Complete History Narrative
In 1983, Pulitzer Prize-winning novelist William Kennedy founded the Writers Institute at Albany with part of a fellowship awarded him from the John D. and Catherine T. MacArthur Foundation in Chicago. As part of that award, fifteen thousand dollars for five years went to the institution of Kennedy’s choice, the University at Albany, State University of New York. The University made a commitment to match those funds.
Less than a year later, Governor Mario M. Cuomo signed into law the legislation creating the New York State Writers Institute, giving it goals and responsibilities to conduct a broad range of cultural and educational literary activities. The Writers Institute has a mandate to provide "a milieu for established and aspiring writers to work together to increase the freedom of the artistic imagination," and "to encourage the development of writing skills at all levels of education throughout the state." Tom Smith, UAlbany English Department professor worked with Kennedy in the organization and development of the Writers Institute and served as the Institute’s Associate Director for its first ten years.
Hosted by the University at Albany, the Institute draws upon and complements existing programs in imaginative writing and the allied arts to help provide the broadest possible educational base for students of writing and the literary community statewide. Its programming receives strong support from the Capital area’s literary community, drawing audiences from eastern and southern New England, New York City and a large part of central and eastern New York State.
The Institute is the fruition of Kennedy's vision for a literary crossroads in Albany. As it continues to grow, the institute's central aim is to celebrate literature and to enhance the role of writers as a community within the larger community.
By special legislative mandate in 1985, the Institute was given the responsibility of awarding both the Edith Wharton Citation of Merit for Fiction Writers (State Author) and the Walt Whitman Citation of Merit for Poets (State Poet) every two years. The Governor awards each citation upon the recommendation of two advisory panels of distinguished authors convened under the aegis of the Institute.
In 1988 the Institute entered into a partnership with Skidmore College in Saratoga Springs, NY to sponsor the New York State Summer Writers Institute, a month-long series of creative writing courses in poetry, fiction, nonfiction, translation, and editing. The courses may be taken for college credit or noncredit.
From 1988-1995 the Institute significantly increased its public outreach by initiating the public radio Book Show. Coproduced by WAMC-FM, Albany's National Public Radio affiliate, The Book Show was a weekly half-hour interview program featuring some of the most celebrated names in literature. Initially hosted by Tom Smith (1984-94), and then by novelist and short story writer Douglas Glover (1994-95), The Book Show was heard on over 26 stations throughout the United States, Australia, and on the Armed Forces Network.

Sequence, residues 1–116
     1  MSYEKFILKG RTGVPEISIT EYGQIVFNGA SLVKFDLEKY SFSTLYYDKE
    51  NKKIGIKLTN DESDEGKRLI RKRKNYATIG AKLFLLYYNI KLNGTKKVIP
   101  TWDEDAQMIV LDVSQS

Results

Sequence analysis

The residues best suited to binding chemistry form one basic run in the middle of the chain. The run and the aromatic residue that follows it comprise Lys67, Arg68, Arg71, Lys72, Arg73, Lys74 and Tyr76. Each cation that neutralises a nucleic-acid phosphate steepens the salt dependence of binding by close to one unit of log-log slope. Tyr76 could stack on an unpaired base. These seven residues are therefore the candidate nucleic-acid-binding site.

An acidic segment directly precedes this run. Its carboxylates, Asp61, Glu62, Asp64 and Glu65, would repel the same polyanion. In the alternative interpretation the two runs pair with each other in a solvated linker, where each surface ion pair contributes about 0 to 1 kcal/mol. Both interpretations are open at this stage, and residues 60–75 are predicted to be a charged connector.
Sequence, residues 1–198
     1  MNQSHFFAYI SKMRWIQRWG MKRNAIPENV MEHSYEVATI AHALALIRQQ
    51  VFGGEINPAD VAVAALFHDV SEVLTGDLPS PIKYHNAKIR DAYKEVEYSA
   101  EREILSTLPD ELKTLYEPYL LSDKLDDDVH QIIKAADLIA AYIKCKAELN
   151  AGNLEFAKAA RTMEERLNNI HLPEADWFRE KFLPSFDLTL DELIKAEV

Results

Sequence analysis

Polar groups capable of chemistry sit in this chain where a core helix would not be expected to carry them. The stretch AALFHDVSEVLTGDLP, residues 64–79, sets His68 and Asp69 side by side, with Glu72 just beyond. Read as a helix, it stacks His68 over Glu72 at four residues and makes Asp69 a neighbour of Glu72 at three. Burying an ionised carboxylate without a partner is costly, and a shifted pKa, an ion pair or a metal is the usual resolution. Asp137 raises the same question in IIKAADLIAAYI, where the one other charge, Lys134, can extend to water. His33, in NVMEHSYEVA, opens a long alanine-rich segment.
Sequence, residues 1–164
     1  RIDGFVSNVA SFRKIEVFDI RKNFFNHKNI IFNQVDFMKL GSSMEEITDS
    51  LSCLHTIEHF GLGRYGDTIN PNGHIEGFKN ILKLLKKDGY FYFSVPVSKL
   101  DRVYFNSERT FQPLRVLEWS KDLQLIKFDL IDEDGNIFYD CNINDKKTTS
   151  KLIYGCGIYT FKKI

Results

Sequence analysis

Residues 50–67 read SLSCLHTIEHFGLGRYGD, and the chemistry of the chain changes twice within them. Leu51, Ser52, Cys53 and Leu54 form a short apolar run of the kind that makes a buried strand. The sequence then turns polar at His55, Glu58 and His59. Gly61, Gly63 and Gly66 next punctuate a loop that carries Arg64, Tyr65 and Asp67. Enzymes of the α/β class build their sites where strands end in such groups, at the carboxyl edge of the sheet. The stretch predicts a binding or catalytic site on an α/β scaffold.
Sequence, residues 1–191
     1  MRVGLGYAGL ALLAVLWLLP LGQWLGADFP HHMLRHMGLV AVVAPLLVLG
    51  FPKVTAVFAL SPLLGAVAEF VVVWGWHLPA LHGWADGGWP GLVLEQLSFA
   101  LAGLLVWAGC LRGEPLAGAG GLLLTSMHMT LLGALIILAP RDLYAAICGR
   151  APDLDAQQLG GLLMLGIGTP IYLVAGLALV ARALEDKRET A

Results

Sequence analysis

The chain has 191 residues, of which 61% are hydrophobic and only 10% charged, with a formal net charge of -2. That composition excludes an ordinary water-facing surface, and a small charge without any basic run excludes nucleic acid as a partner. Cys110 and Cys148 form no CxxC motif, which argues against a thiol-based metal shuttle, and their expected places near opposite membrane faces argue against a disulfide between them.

In late 1995, following the untimely death of Tom Smith, Donald Faulkner joined the Institute, first as Associate Director, and then as Director. During Faulkner’s tenure, and with the pivotal efforts of Assistant Director Suzanne Lance, Secretary Judy Axenson, and Program Fellow Mark Koplik, the Institute significantly increased its program offerings and profile. With the creation of a website with and online magazine and expansive profiles of its visiting writers, the Institute added to its visibility and promotional efforts. In 1997, in partnership with the Capital Region’s PBS affiliate WMHT, the Institute expanded The Book Show into a regular public television program, The Writer. This weekly half-hour series of video portraits focused on writers who were guests of the Institute. In 1999 the Institute inaugurated the New York State Summer Young Writers Institute, a week-long writing workshop for New York State high school students. Edward Schwarzschild joined the Institute staff in 2001 with a dual appointment in the University at Albany’s English Department, to assist with program development and to teach a course based on the work of Institute visiting writers each semester. Writers-in-Residence Lydia Davis and Lynne Tillman, joined the Institute as Fellows in 2003 and 2004 respectively. W. Langdon Brown, who had served as Chair of the UAlbany Theatre Department for many years, joined the Institute in 2005 to direct the Authors Theatre program. In 2007, the Institute and the University at Albany entered into a partnership with Fence magazine and Fence Books, thus bringing Fence editor Rebecca Wolff to the staff. Office secretary Judy Axenson retired in 2007, and is succeeded by Erin Booy.
Programs in development include the digitizing and dissemination of the Institute’s audio/video archive (now one of the most comprehensive in the country). The goal of this project is to make the Institute’s archive of visiting writer interviews, seminars, and readings available to researchers and readers through a web based searchable database. The Institute is also working toward establishing a Writing Fellows Program, similar in design to Stanford’s Stegner Fellowships, in addition to providing a home for Cities of Refuge North America, an organization that provides safe havens for persecuted writers worldwide.
For additional information, contact the Writers Institute at 518-442-5620 or online at http://www.albany.edu/writers-inst.